What should I do with a restraining order issued against me?

| Apr 13, 2017 | domestic violence |

Being embroiled in custody and parenting time dispute is undoubtedly stressful if you are a police officer. The prospect of one person deciding when (or whether) you may see your children is inherently unfair, especially when they don’t know you at all. Decisions about parenting time and access can become especially complicated when you include a restraining order.

Regardless of whether the order is based on a parent’s overreaction, or whether it is a calculated move to gain an advantage in a custody proceeding. A restraining order cannot be taken lightly.  

Indeed, the restraining order may be flawed, but family court judges take domestic violence allegations very seriously; especially when the allegation is lodged against a police officer. As a matter of law, their interests lie in protecting children from volatile situations between mothers and fathers.

Family court judges are quite concerned about the lifelong effects that domestic violence has on children. Studies show that children who see domestic violence between their parents are more likely to be abusers or can carry severe emotional damage into adulthood. Suffice it to say, a child’s emotional well-being is not served by being placed in the middle of warring parents.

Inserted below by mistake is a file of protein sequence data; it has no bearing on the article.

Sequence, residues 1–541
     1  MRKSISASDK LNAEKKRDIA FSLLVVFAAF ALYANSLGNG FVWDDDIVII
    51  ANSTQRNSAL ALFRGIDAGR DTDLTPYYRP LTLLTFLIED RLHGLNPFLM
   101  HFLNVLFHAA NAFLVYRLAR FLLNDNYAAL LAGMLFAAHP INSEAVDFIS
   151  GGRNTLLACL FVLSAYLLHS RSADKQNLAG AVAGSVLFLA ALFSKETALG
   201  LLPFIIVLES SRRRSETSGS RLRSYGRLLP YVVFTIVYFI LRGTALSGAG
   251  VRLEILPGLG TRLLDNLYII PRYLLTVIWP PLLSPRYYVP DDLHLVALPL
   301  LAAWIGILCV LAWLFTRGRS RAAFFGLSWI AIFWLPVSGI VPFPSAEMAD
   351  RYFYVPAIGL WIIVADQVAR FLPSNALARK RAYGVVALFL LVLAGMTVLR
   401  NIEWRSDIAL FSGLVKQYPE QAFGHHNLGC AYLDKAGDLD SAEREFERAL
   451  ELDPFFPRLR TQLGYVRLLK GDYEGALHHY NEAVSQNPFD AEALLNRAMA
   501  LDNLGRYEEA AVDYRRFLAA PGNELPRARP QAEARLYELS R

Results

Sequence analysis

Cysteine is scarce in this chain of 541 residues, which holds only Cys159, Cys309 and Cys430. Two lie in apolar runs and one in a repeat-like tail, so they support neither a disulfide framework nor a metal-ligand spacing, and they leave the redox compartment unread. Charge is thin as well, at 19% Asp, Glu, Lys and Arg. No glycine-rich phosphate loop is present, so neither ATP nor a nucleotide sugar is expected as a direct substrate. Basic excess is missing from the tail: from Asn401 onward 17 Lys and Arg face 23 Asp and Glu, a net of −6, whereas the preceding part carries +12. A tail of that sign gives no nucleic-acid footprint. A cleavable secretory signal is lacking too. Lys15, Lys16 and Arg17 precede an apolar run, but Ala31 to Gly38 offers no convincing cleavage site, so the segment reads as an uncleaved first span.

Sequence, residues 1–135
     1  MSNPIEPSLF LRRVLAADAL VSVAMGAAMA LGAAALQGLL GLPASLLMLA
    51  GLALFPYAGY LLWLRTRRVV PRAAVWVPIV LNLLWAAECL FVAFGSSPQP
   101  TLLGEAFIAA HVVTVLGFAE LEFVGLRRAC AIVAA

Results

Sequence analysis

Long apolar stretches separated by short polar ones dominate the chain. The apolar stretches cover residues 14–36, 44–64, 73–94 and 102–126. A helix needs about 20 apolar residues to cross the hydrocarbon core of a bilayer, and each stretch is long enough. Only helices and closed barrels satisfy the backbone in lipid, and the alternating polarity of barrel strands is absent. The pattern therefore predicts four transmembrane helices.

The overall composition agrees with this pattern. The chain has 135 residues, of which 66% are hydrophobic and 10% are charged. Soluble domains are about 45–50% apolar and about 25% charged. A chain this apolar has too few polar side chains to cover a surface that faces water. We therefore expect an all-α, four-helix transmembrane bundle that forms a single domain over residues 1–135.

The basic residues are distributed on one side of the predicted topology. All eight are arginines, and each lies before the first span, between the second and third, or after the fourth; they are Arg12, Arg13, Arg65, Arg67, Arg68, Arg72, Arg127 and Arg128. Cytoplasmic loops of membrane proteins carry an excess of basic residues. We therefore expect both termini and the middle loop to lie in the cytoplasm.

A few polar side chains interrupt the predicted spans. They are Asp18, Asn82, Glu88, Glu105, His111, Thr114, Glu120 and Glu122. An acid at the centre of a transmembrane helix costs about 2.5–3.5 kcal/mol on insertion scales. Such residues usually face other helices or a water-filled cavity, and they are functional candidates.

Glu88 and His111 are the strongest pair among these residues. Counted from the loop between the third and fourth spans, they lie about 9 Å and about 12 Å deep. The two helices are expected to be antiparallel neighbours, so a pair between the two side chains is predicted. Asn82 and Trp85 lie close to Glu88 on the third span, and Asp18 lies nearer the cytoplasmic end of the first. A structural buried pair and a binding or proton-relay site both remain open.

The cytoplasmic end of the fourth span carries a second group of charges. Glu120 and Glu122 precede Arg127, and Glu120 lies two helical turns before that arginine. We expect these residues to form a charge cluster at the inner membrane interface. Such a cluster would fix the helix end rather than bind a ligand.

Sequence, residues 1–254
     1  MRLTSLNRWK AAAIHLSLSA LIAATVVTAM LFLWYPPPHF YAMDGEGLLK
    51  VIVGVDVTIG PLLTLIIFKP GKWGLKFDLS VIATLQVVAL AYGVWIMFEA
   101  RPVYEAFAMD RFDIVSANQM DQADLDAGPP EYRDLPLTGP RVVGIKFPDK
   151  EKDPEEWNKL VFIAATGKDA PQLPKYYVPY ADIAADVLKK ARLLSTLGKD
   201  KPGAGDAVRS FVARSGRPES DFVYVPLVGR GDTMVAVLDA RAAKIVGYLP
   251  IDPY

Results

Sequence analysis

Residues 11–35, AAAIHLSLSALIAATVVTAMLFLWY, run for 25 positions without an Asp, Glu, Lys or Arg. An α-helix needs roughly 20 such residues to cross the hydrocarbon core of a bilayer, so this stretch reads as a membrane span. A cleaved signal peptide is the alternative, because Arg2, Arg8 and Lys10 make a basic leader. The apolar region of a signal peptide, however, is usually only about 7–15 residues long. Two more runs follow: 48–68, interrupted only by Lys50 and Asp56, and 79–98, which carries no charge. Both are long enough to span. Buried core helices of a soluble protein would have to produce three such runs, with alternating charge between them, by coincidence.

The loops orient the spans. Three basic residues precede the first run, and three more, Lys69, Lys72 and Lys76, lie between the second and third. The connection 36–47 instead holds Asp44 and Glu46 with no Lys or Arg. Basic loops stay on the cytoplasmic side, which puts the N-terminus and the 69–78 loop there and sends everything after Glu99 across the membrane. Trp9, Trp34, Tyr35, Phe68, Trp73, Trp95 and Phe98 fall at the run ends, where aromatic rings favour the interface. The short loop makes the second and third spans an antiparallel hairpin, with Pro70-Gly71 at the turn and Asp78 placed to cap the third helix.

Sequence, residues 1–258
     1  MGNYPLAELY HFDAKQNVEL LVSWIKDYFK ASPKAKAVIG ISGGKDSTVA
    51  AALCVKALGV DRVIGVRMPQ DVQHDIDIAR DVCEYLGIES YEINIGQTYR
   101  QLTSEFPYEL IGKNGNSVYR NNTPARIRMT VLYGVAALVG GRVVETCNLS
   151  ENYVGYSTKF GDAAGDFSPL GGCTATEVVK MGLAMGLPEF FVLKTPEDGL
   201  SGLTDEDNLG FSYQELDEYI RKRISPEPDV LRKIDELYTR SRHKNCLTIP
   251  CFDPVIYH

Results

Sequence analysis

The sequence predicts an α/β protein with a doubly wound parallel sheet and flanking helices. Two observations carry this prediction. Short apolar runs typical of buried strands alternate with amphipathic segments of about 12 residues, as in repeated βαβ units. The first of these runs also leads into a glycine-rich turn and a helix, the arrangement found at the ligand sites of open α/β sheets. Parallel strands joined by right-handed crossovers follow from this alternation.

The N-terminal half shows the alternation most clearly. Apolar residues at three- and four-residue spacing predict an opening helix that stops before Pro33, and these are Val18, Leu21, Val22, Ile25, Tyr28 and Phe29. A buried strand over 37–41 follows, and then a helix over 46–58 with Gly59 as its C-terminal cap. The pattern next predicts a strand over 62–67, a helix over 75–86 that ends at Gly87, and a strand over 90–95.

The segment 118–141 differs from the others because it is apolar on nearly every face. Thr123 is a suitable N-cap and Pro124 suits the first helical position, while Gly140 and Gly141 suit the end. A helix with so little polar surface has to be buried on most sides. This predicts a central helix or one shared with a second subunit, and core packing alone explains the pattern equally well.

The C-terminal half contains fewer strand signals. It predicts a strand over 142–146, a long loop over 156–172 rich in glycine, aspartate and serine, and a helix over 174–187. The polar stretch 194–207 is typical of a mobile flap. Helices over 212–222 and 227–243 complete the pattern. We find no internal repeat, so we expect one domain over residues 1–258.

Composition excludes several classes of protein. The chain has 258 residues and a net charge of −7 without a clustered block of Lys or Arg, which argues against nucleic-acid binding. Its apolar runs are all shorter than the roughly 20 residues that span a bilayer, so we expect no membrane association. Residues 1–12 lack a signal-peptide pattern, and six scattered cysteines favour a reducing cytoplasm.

But as we alluded to earlier, not every allegation of domestic abuse is legally actionable, meaning that they may not lead to criminal charges. Nevertheless, if you have been served with a restraining order or accused of domestic violence, it is important to speak with an experienced criminal defense attorney as soon as possible.

The preceding is not legal advice.